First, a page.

Huntington Museum of Art (Huntington, WV)

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Lorna Simpson’s Easy to Remember, 2001, one of the pieces exhibited at the Huntington Museum of Art’s large-scale video series, VIDEO: Beyond the Frame. Image courtesy of Lennon, Weinberg Gallery

Located in rural Appalachia, the Huntington Museum of Art serves the tri-state area of West Virginia, eastern Kentucky, and southern Ohio. The region’s largest fine arts museum, the Huntington serves the community through arts, arts education, and nature programming. The museum’s extensive permanent collection of paintings, works on paper, sculpture, ethnographic objects, and decorative art is at the heart of its exhibition schedule, which is further enhanced by temporary exhibits. In FY 2007, the Huntington Museum of Art received an NEA Access to Artistic Excellence grant of $15,000 to support VIDEO: Beyond the Frame, a large-scale video series.

The year-long project featured exhibitions of work by four master video artists for approximately ten weeks each. Lorna Simpson’s Easy to Remember was on view from February 1-April 30, Bill Viola’s Ascension was on view from May 10-July 30, Peter Sarkisian’s Dusted was on view from Aug 10- Oct. 30, and the series closed with Mary Lucier’s Floodsongs on view from Nov. 10-January 30, 2008. The works in the exhibition were selected to highlight a diversity of styles within the medium as well as for the accessibility of their subject matter. According to the museum, the video exhibition was planned in order to “provide the audience with an opportunity to view an art form that it would otherwise have to travel to a large metropolitan area to experience... Viewing these objects tests our skills of observation, listening, and contemplation.”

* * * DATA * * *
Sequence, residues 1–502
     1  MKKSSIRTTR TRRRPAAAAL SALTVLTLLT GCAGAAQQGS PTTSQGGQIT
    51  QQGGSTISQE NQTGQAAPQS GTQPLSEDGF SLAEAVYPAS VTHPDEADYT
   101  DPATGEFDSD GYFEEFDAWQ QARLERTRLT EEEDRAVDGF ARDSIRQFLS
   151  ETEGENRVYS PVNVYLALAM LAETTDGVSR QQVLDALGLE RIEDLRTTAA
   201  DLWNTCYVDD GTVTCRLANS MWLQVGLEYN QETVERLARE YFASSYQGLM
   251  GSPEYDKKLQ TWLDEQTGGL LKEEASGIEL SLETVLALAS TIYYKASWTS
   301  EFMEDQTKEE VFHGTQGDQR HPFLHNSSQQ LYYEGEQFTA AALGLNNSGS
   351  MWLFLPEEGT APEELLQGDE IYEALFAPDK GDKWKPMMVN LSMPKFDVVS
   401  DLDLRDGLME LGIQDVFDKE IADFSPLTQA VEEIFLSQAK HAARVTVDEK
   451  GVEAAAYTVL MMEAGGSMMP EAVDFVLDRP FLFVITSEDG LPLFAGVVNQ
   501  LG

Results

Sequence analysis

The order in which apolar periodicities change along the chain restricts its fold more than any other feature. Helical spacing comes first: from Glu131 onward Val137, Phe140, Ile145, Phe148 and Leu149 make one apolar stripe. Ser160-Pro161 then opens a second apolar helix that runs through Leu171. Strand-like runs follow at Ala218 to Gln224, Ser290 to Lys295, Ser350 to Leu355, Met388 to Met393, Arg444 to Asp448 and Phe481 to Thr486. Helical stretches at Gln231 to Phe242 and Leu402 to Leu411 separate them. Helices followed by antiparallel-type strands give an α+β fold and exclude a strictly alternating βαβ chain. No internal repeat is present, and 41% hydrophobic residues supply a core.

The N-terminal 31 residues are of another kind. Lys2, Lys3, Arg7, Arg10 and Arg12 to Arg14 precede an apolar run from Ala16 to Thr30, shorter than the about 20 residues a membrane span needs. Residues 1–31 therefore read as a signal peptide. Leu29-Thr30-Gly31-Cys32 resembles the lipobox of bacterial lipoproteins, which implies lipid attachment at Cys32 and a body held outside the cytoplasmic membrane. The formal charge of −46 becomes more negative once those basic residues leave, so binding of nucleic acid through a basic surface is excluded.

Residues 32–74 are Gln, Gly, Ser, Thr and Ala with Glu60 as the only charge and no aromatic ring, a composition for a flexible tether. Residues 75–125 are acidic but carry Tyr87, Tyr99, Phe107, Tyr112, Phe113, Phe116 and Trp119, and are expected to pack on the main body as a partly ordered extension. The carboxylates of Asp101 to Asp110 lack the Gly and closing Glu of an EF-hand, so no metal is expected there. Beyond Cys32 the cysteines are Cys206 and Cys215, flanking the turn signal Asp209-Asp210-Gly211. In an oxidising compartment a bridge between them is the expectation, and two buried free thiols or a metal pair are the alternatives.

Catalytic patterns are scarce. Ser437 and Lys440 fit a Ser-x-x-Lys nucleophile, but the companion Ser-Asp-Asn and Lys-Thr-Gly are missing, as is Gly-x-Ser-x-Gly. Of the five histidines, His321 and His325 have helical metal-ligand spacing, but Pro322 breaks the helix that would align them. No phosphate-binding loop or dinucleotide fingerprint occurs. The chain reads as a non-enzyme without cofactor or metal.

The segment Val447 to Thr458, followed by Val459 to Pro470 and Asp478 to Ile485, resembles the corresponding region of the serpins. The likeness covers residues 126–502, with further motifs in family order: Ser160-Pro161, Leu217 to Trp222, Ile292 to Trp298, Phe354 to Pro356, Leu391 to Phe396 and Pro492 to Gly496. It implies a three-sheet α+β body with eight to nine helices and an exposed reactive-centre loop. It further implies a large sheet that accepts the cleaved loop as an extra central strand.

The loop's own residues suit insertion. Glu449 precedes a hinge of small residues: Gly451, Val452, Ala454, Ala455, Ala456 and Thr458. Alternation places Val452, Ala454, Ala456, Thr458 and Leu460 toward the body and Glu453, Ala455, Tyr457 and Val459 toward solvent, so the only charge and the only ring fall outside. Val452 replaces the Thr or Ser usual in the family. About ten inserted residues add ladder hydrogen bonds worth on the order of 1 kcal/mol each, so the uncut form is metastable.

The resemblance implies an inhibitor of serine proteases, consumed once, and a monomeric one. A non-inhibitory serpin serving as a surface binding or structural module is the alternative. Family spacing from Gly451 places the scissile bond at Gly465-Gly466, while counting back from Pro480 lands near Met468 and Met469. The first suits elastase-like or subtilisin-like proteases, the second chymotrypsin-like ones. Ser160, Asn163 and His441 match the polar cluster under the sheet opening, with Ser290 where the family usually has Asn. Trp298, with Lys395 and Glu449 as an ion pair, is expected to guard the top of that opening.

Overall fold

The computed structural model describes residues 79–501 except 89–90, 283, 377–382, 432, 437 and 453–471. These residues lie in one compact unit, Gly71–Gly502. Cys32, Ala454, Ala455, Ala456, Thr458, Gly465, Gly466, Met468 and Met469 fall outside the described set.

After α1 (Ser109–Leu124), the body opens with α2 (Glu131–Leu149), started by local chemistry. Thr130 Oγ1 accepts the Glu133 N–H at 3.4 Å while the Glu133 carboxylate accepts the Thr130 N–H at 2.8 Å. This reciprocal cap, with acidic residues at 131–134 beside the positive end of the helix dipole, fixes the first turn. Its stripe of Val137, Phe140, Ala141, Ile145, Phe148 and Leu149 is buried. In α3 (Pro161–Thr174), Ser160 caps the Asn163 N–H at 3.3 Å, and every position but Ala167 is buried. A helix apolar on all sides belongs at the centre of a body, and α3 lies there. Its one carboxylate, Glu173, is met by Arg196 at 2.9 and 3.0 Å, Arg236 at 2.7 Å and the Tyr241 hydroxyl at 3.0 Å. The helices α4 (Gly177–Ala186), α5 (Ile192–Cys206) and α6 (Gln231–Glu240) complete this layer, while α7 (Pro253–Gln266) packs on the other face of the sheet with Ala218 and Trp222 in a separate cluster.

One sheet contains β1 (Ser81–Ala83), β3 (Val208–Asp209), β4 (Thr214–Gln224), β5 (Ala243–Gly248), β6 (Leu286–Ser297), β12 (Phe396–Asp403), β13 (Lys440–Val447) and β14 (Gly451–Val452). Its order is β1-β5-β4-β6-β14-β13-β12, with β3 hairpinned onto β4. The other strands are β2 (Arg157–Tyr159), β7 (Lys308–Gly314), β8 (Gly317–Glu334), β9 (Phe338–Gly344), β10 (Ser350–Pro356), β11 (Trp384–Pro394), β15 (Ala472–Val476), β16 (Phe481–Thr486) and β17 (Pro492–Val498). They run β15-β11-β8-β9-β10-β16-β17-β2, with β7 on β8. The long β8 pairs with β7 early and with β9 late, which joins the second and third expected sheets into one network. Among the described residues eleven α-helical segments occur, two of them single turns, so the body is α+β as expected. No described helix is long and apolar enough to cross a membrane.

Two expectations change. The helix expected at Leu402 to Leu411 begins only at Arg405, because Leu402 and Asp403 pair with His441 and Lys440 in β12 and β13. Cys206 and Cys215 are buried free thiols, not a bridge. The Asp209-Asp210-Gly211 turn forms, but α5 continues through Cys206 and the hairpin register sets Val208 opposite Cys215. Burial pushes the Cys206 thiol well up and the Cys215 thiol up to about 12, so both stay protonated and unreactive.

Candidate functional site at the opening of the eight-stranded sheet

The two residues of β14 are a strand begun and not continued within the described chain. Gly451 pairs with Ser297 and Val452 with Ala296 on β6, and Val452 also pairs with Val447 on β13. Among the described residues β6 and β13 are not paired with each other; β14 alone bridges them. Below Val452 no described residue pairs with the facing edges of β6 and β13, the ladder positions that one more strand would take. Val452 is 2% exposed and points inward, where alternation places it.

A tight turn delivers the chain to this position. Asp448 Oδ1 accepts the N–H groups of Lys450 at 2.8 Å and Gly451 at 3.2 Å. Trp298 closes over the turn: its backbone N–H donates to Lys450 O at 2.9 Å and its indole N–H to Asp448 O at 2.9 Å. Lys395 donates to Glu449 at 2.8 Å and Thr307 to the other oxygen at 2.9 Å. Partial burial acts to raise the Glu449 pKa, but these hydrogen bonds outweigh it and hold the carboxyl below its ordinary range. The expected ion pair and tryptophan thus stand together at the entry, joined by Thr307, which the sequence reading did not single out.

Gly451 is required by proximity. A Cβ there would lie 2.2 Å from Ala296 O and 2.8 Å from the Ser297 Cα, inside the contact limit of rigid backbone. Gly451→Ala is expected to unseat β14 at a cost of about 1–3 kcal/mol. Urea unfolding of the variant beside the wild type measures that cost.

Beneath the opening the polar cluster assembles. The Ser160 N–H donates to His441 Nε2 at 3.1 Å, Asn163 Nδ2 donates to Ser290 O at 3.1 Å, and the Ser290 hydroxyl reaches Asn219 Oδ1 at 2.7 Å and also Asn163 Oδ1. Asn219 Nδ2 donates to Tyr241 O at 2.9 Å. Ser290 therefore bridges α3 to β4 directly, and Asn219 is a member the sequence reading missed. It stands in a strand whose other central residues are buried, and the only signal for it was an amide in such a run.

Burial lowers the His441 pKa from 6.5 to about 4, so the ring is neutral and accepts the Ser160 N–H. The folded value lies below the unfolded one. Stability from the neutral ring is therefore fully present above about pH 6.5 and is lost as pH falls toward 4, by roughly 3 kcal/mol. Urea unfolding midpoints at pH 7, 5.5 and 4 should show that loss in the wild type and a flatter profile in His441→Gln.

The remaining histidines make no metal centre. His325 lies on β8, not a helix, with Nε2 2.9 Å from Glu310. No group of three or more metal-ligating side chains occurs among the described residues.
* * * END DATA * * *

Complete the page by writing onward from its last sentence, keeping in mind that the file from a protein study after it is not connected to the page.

The museum also produced a catalogue and hosted educational activities around the video art exhibition, the first exhibition of this art form in the museum’s history. In February 2007, noted art historian Michael Rush presented a public illustrated lecture on the history of video art. Rush also served on the jury for Exhibition 208, the Huntington’s annual regional juried exhibition, which in 2007 featured a special call to video artists. In November 2007, featured artist Mary Lucier gave a public lecture and also facilitated a full-weekend, intensive video workshop. Approximately 50,000 people benefited from the exhibition and outreach activities.

(From the NEA 2007 Annual Report)